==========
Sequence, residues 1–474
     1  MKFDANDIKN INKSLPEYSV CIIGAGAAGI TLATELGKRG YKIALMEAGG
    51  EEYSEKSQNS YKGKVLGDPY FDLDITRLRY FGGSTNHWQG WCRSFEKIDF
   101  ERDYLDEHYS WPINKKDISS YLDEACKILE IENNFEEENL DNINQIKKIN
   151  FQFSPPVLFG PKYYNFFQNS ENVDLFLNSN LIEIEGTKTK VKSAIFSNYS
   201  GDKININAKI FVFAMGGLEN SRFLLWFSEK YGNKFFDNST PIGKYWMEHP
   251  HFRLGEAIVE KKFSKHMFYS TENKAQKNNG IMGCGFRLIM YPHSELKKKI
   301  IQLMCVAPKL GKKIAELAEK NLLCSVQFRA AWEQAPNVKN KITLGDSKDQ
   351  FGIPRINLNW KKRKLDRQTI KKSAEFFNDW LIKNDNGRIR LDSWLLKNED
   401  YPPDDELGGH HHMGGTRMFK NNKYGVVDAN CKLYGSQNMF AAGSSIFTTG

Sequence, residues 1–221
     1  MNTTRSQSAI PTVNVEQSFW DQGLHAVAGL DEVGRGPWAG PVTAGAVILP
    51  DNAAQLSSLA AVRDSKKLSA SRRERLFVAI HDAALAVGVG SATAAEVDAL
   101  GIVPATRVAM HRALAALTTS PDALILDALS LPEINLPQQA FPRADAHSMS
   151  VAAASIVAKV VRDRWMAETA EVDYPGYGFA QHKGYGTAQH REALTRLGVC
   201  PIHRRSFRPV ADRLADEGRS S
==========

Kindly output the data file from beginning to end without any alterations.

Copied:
Sequence, residues 1–474
     1  MKFDANDIKN INKSLPEYSV CIIGAGAAGI TLATELGKRG YKIALMEAGG
    51  EEYSEKSQNS YKGKVLGDPY FDLDITRLRY FGGSTNHWQG WCRSFEKIDF
   101  ERDYLDEHYS WPINKKDISS YLDEACKILE IENNFEEENL DNINQIKKIN
   151  FQFSPPVLFG PKYYNFFQNS ENVDLFLNSN LIEIEGTKTK VKSAIFSNYS
   201  GDKININAKI FVFAMGGLEN SRFLLWFSEK YGNKFFDNST PIGKYWMEHP
   251  HFRLGEAIVE KKFSKHMFYS TENKAQKNNG IMGCGFRLIM YPHSELKKKI
   301  IQLMCVAPKL GKKIAELAEK NLLCSVQFRA AWEQAPNVKN KITLGDSKDQ
   351  FGIPRINLNW KKRKLDRQTI KKSAEFFNDW LIKNDNGRIR LDSWLLKNED
   401  YPPDDELGGH HHMGGTRMFK NNKYGVVDAN CKLYGSQNMF AAGSSIFTTG

Sequence, residues 1–221
     1  MNTTRSQSAI PTVNVEQSFW DQGLHAVAGL DEVGRGPWAG PVTAGAVILP
    51  DNAAQLSSLA AVRDSKKLSA SRRERLFVAI HDAALAVGVG SATAAEVDAL
   101  GIVPATRVAM HRALAALTTS PDALILDALS LPEINLPQQA FPRADAHSMS
   151  VAAASIVAKV VRDRWMAETA EVDYPGYGFA QHKGYGTAQH REALTRLGVC
   201  PIHRRSFRPV ADRLADEGRS S